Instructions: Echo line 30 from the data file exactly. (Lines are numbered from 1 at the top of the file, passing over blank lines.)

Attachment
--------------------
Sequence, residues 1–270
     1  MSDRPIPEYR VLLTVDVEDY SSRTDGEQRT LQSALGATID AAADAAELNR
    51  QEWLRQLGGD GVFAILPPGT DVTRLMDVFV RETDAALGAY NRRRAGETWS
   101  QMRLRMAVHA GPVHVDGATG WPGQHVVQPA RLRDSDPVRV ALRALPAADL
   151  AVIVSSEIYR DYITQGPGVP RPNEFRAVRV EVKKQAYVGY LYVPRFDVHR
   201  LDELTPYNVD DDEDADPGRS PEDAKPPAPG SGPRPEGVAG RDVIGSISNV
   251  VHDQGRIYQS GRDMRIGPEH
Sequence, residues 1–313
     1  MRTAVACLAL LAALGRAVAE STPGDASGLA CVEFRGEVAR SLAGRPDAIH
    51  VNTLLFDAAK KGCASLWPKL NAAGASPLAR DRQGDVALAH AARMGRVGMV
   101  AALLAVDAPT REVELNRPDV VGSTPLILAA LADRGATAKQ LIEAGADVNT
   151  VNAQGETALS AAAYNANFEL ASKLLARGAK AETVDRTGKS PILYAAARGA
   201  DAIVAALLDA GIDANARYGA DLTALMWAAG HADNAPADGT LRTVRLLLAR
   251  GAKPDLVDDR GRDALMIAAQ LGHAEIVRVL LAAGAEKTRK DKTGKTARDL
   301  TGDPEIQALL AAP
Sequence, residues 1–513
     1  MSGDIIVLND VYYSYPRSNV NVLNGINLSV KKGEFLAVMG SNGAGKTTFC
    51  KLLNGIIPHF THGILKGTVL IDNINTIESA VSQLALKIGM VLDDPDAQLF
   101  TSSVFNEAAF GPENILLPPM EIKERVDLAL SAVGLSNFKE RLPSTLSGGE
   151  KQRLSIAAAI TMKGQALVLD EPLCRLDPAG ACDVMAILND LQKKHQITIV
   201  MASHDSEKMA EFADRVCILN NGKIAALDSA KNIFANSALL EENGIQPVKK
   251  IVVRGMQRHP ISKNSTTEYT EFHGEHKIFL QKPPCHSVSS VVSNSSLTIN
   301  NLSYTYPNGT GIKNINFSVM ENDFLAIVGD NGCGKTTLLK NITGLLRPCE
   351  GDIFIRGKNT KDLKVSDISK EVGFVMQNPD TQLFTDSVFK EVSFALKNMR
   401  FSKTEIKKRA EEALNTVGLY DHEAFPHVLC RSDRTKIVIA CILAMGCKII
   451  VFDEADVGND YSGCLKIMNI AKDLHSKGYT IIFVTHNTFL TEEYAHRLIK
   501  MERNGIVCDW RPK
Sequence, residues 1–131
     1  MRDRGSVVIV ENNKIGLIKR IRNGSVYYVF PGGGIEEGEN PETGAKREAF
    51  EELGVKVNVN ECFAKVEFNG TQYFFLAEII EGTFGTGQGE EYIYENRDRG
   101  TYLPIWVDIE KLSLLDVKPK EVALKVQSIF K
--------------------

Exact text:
    51  EELGVKVNVN ECFAKVEFNG TQYFFLAEII EGTFGTGQGE EYIYENRDRG